Republican leaders condemn ‘defamatory’ accusations made during elections hearing 

Republican leaders condemn ‘defamatory’ accusations made during elections hearing 

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(From left): Sen. Sonny Borrelli, R-Lake Havasu City; Sen. Wendy Rogers, R-Flagstaff; Rep. Alexander Kolodin, R-Scottsdale; Rep. Liz Harris, R-Chandler; and Rep. Rachel Jones, R-Tucson, listen to a speaker during a joint legislative elections committee hearing on Feb. 23. Republicans have criticized Harris for inviting a speaker who alleged criminal activity was conducted by many elected officials.(Photo by Jakob Thorington/Arizona Capitol Times)

Republican legislative leadership expressed heavy criticism toward a freshman lawmaker for inviting a speaker who made unfounded allegations of bribery against several elected and appointed officials.  

In a joint legislative election hearing on Feb. 23, Rep. Liz Harris, R-Chandler, invited Scottsdale insurance agent Jacqueline Breger to present about “activities impacting Arizona’s elections integrity.” Breger proceeded to accuse officials of taking bribes using false mortgages, election rigging and money laundering. 

Breger said she was hired as a principal investigator by John Thaler with the Harris/Thaler Law Firm. Thaler is suspended from practicing law, according to the State Bar of Arizona and Breger was speaking on behalf of his findings. According to both of their Facebook pages, the two are also in a relationship.  

None of Thaler’s claims have any credible evidence and many GOP lawmakers have called Breger’s testimony irresponsible and inappropriate. Senate President Warren Petersen, R-Gilbert, said in a Monday statement that Senate Majority Leader Sonny Borelli, R-Lake Havasu City, requested to review all materials prior to the hearing.  

“The report in question was not shared with him and was a surprise to the whole committee. I assure you, had he known about the report, he would not have allowed it to be included. This was definitely not the proper venue to make such allegations, nor to assess the credibility of such statements,” Petersen said in the statement. 

Those accused of partaking in corruption activities include Gov. Katie Hobbs, Secretary of State Adrian Fontes, Speaker of the House Ben Toma, R-Peoria; independent U.S. Sen. Krysten Sinema, and U.S. Rep. Ruben Gallego, D-Ariz, among many more that hold local offices. Thaler’s ex-wife is also mentioned prominently as being involved in illegal activities in the documents Breger presented to the committee. 

Petersen also said in his statement that Toma and Harris had requested the special elections hearing, but Toma also appears to be unhappy with Harris.  

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House Speaker Ben Toma, R-Peoria

“What should have been a joint hearing to examine commonsense election reforms devolved into disgraceful fringe theater. I’m not alone in believing that it was irresponsible and bad judgement for Ms. Harris to invite a person to present unsubstantiated and defamatory allegations in a legislative forum,” Toma said in a statement texted to reporters on Monday.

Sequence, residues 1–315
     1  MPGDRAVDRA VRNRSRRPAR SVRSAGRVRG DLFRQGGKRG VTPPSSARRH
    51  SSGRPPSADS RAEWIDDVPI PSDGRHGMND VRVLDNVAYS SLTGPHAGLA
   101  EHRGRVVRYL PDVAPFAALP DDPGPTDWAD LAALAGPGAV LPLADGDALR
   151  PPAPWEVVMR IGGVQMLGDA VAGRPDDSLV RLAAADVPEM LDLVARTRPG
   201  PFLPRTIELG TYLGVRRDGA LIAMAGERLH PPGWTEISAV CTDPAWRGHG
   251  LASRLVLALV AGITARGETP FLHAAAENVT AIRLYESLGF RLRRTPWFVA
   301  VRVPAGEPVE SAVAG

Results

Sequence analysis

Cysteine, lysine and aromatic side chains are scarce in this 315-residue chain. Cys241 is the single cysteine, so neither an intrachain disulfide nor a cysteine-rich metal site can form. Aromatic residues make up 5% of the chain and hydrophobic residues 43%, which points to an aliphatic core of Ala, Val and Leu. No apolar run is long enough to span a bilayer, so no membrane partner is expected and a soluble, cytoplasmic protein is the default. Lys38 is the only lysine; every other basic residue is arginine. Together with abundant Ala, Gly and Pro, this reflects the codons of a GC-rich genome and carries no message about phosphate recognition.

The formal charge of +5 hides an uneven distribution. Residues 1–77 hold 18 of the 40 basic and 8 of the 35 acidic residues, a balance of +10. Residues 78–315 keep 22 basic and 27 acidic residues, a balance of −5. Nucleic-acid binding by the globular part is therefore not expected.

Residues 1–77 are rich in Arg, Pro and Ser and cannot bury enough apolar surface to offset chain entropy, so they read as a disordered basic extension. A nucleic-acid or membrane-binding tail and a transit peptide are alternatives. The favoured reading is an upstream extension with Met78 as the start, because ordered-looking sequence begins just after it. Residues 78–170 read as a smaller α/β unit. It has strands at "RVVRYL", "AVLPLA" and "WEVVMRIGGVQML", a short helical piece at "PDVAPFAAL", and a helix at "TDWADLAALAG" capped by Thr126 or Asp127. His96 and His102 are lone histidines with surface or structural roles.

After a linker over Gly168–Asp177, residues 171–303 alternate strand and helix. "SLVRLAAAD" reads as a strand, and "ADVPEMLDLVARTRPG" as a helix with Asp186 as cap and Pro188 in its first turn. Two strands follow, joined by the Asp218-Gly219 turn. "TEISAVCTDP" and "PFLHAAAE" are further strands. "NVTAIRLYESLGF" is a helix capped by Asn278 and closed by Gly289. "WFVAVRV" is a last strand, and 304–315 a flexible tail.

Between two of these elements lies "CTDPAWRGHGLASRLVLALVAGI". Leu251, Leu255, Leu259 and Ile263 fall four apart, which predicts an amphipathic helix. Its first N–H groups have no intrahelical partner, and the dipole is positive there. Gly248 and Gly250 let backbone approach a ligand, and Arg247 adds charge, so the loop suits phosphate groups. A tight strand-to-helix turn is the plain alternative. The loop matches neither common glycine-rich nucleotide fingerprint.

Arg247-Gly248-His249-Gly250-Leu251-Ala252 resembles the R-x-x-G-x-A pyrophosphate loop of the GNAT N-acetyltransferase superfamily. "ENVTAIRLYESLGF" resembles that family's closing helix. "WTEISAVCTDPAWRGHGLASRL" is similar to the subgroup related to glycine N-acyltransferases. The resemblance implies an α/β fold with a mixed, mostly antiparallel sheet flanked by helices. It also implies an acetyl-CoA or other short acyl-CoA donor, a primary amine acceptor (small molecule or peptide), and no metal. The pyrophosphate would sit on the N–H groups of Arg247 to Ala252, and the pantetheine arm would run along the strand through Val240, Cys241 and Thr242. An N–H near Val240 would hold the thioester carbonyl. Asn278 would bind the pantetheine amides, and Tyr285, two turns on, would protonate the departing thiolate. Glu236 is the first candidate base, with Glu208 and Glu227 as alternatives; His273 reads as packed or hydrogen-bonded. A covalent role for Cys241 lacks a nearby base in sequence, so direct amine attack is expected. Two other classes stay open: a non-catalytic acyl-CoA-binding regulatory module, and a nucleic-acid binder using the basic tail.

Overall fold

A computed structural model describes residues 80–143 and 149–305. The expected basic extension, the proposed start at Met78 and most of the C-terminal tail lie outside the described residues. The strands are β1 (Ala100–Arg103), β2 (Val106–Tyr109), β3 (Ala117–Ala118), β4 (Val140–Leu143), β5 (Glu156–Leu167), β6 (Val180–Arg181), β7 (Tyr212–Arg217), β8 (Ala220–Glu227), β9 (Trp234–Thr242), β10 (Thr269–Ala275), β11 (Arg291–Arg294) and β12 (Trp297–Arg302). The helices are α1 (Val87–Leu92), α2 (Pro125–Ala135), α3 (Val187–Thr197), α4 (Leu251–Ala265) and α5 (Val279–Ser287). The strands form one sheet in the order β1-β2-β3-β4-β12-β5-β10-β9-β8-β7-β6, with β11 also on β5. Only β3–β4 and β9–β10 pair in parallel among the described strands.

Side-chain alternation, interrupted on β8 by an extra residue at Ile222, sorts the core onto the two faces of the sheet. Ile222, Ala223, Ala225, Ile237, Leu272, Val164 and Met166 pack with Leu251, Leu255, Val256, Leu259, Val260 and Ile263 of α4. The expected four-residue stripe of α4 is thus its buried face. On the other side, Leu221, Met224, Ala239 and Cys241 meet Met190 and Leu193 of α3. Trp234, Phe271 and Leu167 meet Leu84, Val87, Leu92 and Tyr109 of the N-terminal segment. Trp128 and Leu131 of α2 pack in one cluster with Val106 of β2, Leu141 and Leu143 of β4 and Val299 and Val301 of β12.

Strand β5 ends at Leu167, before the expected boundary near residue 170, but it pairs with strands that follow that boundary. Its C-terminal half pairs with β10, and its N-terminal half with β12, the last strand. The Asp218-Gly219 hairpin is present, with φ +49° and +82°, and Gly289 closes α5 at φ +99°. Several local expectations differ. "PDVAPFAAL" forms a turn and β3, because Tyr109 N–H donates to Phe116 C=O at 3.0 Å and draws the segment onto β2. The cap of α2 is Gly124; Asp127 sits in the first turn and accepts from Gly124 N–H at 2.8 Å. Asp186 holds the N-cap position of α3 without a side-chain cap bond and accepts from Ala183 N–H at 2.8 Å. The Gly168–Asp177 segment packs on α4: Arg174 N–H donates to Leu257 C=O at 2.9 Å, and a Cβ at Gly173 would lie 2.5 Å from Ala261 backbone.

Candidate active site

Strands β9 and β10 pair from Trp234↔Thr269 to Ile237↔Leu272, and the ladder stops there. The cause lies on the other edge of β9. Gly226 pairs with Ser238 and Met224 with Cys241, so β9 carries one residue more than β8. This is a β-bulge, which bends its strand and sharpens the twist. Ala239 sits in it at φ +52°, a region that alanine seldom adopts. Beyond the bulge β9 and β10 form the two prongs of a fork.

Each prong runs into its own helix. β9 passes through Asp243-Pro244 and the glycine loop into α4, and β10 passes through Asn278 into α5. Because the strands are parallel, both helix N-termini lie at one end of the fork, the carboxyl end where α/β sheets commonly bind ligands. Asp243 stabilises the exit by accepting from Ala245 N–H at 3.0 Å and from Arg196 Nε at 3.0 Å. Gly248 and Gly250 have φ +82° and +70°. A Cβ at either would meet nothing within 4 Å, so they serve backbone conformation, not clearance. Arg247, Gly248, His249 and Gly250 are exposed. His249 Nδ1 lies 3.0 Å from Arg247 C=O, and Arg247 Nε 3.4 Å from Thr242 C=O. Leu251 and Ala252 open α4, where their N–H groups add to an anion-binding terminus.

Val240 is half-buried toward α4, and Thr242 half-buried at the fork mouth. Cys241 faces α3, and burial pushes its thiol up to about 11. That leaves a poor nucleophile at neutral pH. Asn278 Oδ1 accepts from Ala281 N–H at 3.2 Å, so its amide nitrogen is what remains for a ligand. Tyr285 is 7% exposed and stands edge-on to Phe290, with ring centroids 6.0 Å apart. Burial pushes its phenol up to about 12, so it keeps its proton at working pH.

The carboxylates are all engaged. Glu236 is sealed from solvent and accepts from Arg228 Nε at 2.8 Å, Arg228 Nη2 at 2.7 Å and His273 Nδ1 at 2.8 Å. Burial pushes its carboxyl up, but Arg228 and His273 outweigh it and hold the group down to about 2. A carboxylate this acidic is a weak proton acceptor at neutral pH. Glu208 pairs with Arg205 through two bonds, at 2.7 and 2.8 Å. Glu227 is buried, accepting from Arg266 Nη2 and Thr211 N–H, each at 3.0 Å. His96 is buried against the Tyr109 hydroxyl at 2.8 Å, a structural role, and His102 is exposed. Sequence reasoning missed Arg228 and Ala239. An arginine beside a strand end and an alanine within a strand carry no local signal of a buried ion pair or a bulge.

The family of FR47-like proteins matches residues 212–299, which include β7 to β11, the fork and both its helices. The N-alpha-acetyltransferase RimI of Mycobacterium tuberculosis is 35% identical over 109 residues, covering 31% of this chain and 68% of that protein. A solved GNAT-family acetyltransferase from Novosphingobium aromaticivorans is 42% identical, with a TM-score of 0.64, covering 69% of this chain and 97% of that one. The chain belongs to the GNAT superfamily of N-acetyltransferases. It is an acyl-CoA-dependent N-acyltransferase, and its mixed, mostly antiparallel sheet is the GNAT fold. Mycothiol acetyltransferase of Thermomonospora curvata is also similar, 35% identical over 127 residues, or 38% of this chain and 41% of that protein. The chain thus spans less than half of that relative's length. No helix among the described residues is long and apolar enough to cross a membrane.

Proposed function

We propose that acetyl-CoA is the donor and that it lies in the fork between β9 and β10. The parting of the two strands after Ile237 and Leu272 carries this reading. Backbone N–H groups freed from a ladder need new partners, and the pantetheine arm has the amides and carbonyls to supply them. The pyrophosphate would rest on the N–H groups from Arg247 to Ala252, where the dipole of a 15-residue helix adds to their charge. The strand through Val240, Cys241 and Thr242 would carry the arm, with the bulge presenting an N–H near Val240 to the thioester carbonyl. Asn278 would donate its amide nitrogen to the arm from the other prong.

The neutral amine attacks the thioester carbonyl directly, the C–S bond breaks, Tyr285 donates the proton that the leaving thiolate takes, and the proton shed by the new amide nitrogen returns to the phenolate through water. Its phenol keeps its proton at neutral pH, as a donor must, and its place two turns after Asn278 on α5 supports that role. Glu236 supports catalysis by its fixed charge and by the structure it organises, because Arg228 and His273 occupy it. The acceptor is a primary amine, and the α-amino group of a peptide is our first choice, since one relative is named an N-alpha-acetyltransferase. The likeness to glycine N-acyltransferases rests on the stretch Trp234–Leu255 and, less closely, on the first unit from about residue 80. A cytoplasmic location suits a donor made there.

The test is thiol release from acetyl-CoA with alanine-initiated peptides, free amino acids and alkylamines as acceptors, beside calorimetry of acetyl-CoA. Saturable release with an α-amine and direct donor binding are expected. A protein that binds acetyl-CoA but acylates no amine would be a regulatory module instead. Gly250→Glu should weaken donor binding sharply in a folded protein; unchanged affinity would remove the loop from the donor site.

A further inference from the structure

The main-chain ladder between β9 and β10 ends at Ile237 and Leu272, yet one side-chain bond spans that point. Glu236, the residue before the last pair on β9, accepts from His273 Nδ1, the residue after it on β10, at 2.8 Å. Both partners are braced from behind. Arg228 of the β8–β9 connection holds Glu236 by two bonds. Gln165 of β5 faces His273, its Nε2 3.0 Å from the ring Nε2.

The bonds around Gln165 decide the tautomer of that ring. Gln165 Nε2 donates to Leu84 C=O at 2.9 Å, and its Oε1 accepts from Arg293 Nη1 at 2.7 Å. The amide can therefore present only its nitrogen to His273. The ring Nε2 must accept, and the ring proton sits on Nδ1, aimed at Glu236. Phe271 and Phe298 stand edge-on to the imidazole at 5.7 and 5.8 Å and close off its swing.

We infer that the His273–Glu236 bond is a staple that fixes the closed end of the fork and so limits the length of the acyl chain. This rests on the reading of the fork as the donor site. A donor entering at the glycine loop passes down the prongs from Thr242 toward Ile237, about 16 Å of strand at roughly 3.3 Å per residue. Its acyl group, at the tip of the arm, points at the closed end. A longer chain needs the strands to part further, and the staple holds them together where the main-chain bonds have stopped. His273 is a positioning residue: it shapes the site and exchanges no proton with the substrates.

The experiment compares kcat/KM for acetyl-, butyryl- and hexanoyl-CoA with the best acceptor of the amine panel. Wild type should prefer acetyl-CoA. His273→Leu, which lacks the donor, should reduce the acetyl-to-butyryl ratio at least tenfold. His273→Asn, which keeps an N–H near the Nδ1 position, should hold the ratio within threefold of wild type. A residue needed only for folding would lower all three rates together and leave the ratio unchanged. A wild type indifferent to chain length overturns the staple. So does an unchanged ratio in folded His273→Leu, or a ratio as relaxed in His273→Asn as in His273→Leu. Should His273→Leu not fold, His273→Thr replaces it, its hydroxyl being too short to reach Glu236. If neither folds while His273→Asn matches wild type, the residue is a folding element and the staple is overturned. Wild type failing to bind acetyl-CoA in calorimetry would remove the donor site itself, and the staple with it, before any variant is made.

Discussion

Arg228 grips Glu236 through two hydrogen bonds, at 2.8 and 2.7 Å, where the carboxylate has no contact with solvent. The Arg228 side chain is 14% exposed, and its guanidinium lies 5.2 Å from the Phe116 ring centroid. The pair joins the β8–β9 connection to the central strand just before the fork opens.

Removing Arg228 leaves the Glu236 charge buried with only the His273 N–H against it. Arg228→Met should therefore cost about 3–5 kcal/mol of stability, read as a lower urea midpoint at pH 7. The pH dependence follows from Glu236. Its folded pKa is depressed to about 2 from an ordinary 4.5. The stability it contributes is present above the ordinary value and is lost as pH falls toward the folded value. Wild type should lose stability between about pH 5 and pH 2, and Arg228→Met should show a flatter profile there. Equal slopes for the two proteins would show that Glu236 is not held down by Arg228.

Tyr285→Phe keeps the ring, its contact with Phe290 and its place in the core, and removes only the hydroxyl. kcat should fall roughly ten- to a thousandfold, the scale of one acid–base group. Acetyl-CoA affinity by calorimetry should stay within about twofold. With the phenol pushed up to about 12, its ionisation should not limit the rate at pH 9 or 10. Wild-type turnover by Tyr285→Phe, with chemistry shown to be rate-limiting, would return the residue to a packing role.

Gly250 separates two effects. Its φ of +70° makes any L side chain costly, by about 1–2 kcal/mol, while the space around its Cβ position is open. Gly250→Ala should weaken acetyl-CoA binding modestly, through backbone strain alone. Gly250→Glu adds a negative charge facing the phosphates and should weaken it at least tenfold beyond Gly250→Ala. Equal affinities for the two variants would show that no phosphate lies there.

Petersen continued in his statement to defend his caucus and shifted responsibility of the matter to the House.  

“My senators have not engaged in such questionable behavior, nor do I believe they will in the future. I imagine the House is discussing how to address this situation with Rep. Harris,” he said.  

But no Republican on the committee stopped Breger from speaking until more than 40 minutes had passed, when Sen. Ken Bennett, R-Prescott, called for a point of order and said the hearing was not the appropriate place to hear such accusations. Committee Chairwoman Wendy Rogers, R-Flagstaff, called Breger “brave” after her testimony.  

Rogers was appointed by Petersen and has allowed numerous speakers to discuss alleged fraud with the 2020 and 2022 elections throughout the legislative session. She appeared to change her opinion of Breger on Sunday night in a statement posted through Senate Republicans Communications, while making it clear that Breger was invited by Harris.  

“Any claims as serious as those presented to us should have been immediately turned in to Arizona law enforcement officials and not brought before the Legislature. This was not the appropriate venue to discuss what could potentially be criminal activity,” Rogers said. “To our knowledge, none of the people named had charges filed, have prosecutions pending, nor had any convictions made against them,” she continued.  

Senate President Pro Tempore T.J. Shope, R-Coolidge, suggested an ethics complaint could be filed in the House against Harris.  

“By all means, the House should definitely hold Rep. Harris to account. As the former Chairman of the House Ethics Committee, I would be calling for it if I were still there,” Shope wrote in a tweet.  

Jennifer Wright, the former assistant attorney general who headed the Election Integrity Unit of the office under previous Attorney General Mark Brnovich, further debunked Thaler’s accusations on Monday. She said in a statement that Thaler claimed to have been in contact with her, but she never was nor had any of his claims been presented to Brnovich’s office.

“Mr. Thaler lied about having interacted with me. If he is willing to lie about that, what else is he willing to lie about,” Wright said in her statement.

Democrats on the committee didn’t attend the hearing and refused to participate in platforming debunked election fraud accusations.  

“What happened in the joint elections committee last Thursday was an embarrassment to this entire body,” House Minority Leader Andrés Cano, D-Tucson, said Monday on the House floor. “Our Democratic members made a group decision not to take part in that sham of a hearing and I have to say, we’re feeling pretty good about that decision today.”